Slippery roads vex drivers, responders
Several slide-offs and accidents clogged roads and kept local law enforcement busy as they struggled to keep up with the high number of incidents Wednesday.
Washington State Patrol responded to more than 150 slide-offs and collisions between Cheney and the Idaho state line from Tuesday evening to Wednesday evening, a WSP dispatcher said. The biggest problem area was Interstate 90 just west of Spokane, he said.
Two people were injured in an accident when one was driving too fast for conditions, according to WSP. Rebecca D. Coon, 32, was southbound on U.S. 195 when her Kia Sedona crossed into the northbound lane and struck a northbound Chevrolet pickup driven by Ryan D. Nauer, 33. Coon and Nauer’s passenger, Jason A. Olson, 34, were taken to a Spokane hospital for treatment of injuries sustained in the crash.
A multiple-vehicle accident blocked all but one lane of westbound traffic near the Latah Bridge on I-90 just west of downtown at 3:30 p.m.
The slushy, icy Argonne Road hill was closed periodically after several cars and trucks failed to make it to the top, and westbound I-90 was closed at the height of the evening commute near the Harvard exit after a semitruck crashed.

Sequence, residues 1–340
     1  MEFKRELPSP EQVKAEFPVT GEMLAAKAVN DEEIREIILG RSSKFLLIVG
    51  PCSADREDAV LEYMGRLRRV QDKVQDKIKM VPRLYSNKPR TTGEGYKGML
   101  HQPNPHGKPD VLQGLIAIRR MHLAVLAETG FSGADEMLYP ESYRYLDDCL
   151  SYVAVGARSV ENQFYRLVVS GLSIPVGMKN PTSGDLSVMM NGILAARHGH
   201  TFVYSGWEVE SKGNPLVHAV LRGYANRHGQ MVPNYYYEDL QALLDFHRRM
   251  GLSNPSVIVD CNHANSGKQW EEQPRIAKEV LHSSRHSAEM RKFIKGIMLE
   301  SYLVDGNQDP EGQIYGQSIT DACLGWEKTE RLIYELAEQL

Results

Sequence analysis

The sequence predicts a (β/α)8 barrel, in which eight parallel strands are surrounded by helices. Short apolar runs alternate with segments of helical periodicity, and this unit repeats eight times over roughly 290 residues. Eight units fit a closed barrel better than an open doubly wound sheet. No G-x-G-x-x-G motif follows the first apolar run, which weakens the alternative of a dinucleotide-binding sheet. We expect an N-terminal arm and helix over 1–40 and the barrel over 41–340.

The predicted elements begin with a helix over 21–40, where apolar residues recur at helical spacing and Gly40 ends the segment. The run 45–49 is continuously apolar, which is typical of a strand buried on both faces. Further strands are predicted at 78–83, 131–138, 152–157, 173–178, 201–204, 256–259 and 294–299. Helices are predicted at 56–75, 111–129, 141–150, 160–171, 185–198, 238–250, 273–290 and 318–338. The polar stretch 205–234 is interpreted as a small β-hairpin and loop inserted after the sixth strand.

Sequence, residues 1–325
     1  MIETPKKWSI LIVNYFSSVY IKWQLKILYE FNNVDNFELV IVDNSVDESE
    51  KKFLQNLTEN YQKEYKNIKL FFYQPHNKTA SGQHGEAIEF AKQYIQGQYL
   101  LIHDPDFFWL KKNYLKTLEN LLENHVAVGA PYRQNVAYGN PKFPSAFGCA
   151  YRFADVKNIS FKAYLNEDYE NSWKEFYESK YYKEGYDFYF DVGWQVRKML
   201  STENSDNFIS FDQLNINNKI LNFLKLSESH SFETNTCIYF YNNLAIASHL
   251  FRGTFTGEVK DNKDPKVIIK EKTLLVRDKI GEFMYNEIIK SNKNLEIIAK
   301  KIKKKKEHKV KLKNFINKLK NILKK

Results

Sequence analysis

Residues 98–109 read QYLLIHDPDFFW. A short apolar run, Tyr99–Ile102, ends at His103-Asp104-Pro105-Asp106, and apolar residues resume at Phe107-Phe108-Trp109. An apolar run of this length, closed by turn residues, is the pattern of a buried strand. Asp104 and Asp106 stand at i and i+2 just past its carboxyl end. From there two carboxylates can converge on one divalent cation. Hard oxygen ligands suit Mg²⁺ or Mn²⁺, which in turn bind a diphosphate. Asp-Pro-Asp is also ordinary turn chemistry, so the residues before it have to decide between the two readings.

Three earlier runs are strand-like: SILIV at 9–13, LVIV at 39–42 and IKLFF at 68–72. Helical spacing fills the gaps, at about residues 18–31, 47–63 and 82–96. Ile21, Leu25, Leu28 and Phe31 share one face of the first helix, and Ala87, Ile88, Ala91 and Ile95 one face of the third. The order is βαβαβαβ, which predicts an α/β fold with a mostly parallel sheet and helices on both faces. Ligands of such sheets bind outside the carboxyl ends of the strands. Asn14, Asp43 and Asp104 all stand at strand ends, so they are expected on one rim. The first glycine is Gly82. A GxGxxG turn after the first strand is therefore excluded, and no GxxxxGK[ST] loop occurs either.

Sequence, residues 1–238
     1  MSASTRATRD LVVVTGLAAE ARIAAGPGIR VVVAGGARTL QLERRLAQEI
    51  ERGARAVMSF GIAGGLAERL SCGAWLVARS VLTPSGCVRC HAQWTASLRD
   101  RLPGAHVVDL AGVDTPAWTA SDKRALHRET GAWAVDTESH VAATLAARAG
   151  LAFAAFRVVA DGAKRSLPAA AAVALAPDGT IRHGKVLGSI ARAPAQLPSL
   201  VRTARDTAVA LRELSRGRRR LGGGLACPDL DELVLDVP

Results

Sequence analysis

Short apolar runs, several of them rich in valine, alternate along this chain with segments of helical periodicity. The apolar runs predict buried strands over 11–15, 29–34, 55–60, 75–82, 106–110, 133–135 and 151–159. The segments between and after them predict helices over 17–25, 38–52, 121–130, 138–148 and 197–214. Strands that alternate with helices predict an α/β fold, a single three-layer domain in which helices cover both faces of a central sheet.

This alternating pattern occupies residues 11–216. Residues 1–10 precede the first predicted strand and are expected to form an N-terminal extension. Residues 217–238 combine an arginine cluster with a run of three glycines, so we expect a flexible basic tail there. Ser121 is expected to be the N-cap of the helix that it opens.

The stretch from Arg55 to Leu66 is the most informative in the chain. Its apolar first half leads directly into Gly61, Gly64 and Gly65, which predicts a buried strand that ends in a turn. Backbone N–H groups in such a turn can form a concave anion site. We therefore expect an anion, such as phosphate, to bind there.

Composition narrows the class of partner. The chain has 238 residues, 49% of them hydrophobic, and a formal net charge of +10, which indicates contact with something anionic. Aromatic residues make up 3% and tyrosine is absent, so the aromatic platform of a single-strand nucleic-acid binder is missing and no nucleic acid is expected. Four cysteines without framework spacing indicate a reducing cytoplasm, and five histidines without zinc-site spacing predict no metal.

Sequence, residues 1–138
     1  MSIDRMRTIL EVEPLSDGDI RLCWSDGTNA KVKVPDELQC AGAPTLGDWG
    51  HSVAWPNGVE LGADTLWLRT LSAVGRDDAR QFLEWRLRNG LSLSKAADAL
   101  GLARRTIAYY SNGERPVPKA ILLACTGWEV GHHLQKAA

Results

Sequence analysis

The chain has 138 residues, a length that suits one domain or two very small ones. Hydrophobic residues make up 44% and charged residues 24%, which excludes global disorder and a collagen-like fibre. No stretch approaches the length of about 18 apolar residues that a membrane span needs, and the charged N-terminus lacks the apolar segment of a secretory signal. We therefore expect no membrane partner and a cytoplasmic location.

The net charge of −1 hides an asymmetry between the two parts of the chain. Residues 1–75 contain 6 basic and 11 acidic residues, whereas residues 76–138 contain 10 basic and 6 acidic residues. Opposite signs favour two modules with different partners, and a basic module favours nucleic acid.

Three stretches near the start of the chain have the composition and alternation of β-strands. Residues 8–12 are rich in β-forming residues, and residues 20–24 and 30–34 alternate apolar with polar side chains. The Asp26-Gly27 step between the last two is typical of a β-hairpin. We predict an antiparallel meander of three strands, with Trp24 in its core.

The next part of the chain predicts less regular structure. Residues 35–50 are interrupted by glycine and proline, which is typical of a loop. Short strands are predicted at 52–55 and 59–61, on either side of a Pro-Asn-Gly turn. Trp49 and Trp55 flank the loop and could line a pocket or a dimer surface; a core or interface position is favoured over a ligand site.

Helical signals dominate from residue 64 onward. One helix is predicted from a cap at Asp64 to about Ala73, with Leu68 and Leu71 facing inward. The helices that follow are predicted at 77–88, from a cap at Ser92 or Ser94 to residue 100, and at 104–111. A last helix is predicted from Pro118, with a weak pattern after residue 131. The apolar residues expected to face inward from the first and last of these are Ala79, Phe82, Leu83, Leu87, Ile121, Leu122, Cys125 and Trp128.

Idaho State Police cleared 56 accidents in the Coeur d’Alene area Wednesday.
The city of Spokane declared a stage 2 snow emergency on Wednesday evening and will work around the clock to clear roads. They have hired private contractors to help with the snow removal effort.
Those in residential hill routes were required to move their cars to the even side of the street by 8:30 p.m. Wednesday. Those in all other residential areas were required to move their cars to the even side of the street by 4:30 this morning.
Parking is restricted downtown between 2 a.m. and 6 a.m. during a stage 2 emergency to facilitate plowing, and no parked cars are allowed on arterials or fixed bus routes. The city will announce Browne’s Addition parking restrictions separately. The city also is asking residents to remove snow from parked cars, fire hydrants, storm drains and mail boxes.
Residential parking restrictions are in place in an area until plows have passed through that area.
“Restricting parking during snow emergencies allows plow drivers to clear away more snow, widening the area available for vehicles and generally improving drivability,” a city news release said.